MS: Inclusion and diversity for the Divyaang have become tougher owing to hybrid work models. What kind of overall new HR laws and policies need to be implemented for them, so that they neither lose an existing job nor find it tougher to get one?
AA: Reasonable accommodation and equal opportunities for all should be the yardstick for HR laws and policies. Accommodation/adjustments may be required to address these barriers and to create a level playing field for Persons with Disabilities in the workplace. This includes providing assistive devices and technologies and flexible work timing for a person with a psycho-social disability who may feel fatigued in the evening hours.
Further, with most of the work moving online, all technologies should be compliant with accessibility standards (Web Content Accessibility Guidelines). The IT support team should be trained to install assistive technologies and address any digital accessibility issues. While the list in terms of HR laws and policies is huge, even a few small steps in the right direction can set the tone for the future.
MS: Mr Ali, you have always emphasised on the absence of disability disaggregated data and critical need for the same towards extensive research while policy making and developmental governance. Can you exemplify the same with some deeper data insights to showcase the challenges you and your organisation are facing in helping the needy disbaled?
AA: Understand it this way: Rajya Sabha Unstarred Question No. 257 regarding data on Persons with Disabilities vaccinated and deceased due to COVID-19 states that as of November 28th, 2021, according to the CoWIN portal, 8390 Persons with Disabilities received the first dose and 4018 received both doses. Regarding the number of Persons with Disabilities deceased due to COVID-19, the data was unavailable.
Another instance of a Times of India article dated October 14th, 2021, states that only 20,000 PwDs have been vaccinated in Maharashtra (estimated by public health officials). Maharashtra state public health officials stated that nearly 22901 Persons with Disabilities had been vaccinated to date, but the numbers may be higher. With the CoWIN app not having a separate category, the tally must be coordinated with the disability commissioner’s office.
The aforementioned two instances show that disability is largely absent from data collection and monitoring mechanisms. The invisibility of persons with disabilities in the mainstream development narrative results in development interventions unintentionally leaving them out. Policy makers and practitioners tend to leave them out due to unavailability of data.
For example, if policy makers want to understand the effectiveness of interventions for malaria, HIV or maternal health, there is no shortage of available scientific evidence. But when it comes to disabilities, there is a dearth of data. This makes it harder to establish the availability and effectiveness of interventions aimed at improving the lives of persons with disabilities who face multiple barriers to full participation in society.
MS: Since you exemplified the above answer reletaing to COVID19 pandemic, let me please ask you what kind of law and policy change does India’s persons with disabilities population need on an immediate basis? (All the more considering the dreaded days they have faced during the raging waves of the pandemic).
AA: Rather than inventing the wheel altogether, there is a need to ensure timely implementation of already existing guidelines. The government needs to focus on the timely and effective execution of Disability inclusive Disaster Risk Reduction (DIDRR) guidelines. They also need to raise awareness around Disaster Risk Reduction (DRR) planning and services amongst Persons with Disabilities and institute the inclusion of Persons with Disabilities and their organisations in DRR activities as stipulated in the RPWD Act 2016.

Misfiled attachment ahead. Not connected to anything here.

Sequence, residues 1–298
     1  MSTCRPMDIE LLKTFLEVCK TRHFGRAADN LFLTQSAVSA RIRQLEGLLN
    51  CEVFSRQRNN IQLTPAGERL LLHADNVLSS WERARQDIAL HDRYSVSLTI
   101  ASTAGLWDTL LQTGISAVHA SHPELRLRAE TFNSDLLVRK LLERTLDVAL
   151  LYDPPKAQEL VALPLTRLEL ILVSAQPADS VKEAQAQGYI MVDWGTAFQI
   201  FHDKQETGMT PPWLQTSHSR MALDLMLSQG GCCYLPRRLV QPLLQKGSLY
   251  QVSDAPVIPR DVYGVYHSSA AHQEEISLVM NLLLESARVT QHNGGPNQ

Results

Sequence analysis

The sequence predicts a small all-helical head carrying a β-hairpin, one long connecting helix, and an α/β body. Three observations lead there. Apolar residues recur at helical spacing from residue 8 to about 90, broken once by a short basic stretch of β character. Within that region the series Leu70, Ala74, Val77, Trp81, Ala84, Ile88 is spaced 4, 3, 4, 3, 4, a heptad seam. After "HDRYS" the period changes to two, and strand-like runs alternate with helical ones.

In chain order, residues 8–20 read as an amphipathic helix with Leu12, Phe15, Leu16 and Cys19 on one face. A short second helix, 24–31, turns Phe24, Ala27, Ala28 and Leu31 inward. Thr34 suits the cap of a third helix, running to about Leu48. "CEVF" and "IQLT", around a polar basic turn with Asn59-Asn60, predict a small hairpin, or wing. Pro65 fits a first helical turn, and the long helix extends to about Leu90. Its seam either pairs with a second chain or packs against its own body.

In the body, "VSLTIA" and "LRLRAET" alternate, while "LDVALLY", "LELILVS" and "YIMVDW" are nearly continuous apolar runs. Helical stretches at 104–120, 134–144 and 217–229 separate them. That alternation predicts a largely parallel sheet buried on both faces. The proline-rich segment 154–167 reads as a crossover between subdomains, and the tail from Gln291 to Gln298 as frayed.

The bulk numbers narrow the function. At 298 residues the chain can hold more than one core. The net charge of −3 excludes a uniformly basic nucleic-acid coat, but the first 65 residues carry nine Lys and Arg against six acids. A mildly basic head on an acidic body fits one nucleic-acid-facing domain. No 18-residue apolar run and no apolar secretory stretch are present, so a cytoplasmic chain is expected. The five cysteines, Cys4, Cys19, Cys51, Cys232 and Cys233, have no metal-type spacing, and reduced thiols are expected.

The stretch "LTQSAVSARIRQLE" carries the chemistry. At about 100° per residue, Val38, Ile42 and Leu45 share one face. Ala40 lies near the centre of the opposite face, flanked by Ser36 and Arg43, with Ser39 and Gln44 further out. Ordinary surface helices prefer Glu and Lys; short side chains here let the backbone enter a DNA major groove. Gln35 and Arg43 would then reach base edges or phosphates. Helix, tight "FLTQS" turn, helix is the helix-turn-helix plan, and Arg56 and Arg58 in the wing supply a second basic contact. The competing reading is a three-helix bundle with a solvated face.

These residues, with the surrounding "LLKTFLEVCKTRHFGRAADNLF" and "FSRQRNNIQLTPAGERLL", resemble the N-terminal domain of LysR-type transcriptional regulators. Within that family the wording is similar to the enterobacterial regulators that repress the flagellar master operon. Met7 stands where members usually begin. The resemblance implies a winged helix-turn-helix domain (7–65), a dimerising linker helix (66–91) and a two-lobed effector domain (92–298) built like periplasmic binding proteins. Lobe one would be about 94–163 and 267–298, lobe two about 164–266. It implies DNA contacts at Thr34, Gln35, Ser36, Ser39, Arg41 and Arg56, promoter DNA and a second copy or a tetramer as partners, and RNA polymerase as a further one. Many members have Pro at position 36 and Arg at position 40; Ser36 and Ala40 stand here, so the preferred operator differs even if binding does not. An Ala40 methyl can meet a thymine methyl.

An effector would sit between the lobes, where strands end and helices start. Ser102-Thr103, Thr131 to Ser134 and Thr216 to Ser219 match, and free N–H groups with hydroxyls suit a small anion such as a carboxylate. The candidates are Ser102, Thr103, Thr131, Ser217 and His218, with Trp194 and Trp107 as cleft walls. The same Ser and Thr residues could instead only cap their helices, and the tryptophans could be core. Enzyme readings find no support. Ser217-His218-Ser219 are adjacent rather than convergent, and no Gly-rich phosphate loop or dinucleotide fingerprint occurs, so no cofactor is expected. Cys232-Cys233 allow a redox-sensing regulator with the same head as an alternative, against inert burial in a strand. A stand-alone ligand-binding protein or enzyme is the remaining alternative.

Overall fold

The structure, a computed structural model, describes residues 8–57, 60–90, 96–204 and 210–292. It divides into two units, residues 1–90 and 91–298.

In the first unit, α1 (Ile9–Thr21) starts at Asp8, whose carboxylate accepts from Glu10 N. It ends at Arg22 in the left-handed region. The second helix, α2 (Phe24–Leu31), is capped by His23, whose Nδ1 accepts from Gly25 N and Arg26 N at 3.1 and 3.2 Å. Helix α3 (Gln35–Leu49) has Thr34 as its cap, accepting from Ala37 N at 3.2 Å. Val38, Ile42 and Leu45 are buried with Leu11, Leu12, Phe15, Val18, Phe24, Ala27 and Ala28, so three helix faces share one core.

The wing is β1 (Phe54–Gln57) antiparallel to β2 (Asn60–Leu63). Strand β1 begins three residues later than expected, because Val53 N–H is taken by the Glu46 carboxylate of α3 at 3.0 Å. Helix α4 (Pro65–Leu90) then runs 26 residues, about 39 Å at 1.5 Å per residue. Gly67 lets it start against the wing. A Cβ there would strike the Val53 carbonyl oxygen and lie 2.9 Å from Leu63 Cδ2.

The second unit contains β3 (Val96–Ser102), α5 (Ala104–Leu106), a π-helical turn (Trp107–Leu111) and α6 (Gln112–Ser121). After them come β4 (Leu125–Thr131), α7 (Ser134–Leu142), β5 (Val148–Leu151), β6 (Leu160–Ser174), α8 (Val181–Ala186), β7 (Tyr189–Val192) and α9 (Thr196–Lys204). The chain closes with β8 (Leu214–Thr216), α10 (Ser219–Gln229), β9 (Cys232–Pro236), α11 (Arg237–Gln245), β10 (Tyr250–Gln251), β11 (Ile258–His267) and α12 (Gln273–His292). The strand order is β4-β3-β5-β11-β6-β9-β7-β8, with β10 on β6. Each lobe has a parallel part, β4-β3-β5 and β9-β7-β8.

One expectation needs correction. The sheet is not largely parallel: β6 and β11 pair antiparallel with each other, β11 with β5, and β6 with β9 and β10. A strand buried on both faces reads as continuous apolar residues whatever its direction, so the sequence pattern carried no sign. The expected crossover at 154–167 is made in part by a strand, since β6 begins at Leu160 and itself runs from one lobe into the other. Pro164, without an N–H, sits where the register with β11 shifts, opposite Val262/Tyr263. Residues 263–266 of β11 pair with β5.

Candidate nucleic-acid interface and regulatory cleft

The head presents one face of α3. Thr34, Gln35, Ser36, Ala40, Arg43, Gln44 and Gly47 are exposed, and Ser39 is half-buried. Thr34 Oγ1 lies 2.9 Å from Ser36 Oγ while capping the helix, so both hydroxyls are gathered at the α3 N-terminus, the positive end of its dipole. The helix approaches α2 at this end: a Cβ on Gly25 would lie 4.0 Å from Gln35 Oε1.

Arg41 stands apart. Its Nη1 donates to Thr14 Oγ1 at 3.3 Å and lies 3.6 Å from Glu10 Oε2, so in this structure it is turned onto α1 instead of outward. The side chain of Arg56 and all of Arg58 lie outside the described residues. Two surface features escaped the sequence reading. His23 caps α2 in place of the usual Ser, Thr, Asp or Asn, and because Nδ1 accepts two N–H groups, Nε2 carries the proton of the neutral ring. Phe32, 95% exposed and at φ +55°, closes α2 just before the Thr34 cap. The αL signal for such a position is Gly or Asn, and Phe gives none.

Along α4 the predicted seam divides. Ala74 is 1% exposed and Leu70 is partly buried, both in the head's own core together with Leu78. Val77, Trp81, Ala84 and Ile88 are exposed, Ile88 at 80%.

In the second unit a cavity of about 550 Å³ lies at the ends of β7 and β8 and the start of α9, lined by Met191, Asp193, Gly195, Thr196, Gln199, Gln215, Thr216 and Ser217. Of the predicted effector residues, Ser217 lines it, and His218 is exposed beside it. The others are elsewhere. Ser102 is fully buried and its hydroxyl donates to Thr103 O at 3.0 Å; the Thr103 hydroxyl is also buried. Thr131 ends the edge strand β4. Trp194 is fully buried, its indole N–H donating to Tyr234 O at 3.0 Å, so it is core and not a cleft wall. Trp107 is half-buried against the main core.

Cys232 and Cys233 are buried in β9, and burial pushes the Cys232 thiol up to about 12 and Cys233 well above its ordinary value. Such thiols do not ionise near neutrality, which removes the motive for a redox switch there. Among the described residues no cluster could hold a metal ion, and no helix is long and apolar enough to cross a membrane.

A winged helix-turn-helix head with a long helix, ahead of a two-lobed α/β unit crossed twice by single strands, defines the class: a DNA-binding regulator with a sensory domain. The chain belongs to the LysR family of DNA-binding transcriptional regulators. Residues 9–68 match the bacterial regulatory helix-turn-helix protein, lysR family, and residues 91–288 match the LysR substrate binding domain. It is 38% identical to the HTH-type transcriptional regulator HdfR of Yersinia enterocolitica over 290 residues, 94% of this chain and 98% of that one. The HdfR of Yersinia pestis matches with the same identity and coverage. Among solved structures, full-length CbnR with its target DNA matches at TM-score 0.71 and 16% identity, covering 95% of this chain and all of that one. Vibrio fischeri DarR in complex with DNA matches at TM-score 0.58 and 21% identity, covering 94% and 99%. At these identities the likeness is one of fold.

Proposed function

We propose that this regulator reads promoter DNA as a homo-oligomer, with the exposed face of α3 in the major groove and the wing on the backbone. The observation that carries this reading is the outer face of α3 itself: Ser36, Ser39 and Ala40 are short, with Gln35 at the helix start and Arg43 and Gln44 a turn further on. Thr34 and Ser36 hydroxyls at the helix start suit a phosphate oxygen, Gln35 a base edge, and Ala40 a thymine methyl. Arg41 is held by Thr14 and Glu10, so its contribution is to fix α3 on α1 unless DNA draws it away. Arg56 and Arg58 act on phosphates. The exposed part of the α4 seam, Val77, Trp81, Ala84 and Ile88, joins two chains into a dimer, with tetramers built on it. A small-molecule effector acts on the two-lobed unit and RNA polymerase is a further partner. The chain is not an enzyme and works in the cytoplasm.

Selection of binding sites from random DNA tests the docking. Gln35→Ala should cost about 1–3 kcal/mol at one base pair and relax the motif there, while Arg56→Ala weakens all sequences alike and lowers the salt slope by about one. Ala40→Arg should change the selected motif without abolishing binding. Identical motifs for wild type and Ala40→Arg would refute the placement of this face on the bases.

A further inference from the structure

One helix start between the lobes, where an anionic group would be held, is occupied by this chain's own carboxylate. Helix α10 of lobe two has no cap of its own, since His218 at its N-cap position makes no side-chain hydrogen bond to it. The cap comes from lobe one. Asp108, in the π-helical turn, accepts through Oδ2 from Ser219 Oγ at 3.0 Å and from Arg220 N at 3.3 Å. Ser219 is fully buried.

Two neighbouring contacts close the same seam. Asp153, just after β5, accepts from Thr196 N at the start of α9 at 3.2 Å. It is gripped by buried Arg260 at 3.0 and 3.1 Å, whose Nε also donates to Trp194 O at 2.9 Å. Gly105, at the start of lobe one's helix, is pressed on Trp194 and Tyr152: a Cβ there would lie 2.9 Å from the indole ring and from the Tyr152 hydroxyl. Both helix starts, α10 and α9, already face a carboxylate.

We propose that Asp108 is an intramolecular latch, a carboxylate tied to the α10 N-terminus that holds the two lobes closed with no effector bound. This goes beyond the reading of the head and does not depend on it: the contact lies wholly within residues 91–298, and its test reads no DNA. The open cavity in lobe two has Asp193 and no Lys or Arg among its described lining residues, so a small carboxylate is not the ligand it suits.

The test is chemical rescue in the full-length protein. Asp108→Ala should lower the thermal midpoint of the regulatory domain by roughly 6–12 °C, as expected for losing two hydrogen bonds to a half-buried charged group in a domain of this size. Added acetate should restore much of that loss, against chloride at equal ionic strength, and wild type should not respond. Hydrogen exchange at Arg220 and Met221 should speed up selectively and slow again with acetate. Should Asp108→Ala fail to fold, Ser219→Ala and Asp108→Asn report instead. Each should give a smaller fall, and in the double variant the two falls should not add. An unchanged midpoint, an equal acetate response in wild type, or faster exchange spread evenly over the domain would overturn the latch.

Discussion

In addition, the government has to adopt a two-track system built on mainstreaming and providing specialised services. It is pivotal to include persons with disabilities at each stage of the disaster reduction process. Starting from preparedness to accessible warning systems, safe evacuation, accessible shelters, relief and reconstruction, Persons with Disabilities should be kept in the loop properly. In-depth consultation with Persons with Disabilities and their organisations is required and shouldn't be taken lightly.
MS: One more related query - many people have been left with disabilities due to paralysis, due to post COVID-19 complications. What kind of an essential support system is needed from the three levels: a) Employer (if the person was employed) b) Government C) Society
AA: Let me bifurcate my answer into three things separately as each needs a deep consideration. When we talk of the Employer, then Equal Opportunities policies and reasonable accommodation for persons with disabilities as mandated by the RPWD Act, 2016
What must the Government do? Mahima, persons with Disabilities with comorbidities face additional difficulties while accessing healthcare facilities. The same is true for the Persons with Disabilities suffering from COVID-19. This calls for strengthening the entire healthcare system. Healthcare workers are often not trained or equipped to deal with Persons with Disabilities. There is a lack of doctors who are trained in problems related to persons with disabilities people. This needs improvement in alignment with the inclusivity initiatives of the government.
Now coming to the society, well for Persons with Disabilities, society doesn’t have to build mountains but simply become more aware and sensitised. Instead of pitying Persons with Disabilities, the idea should be to empathise and treat them as equals.
MS: During the pandemic, NGOs working with the persons with disabilities faced a lot of financial crunches as the CSR funds were mostly diverted to the PM Cares for the overall national cause. What kind of future economic policies are needed to ensure a smooth working of the supportive organisations if/when any such calamity strikes?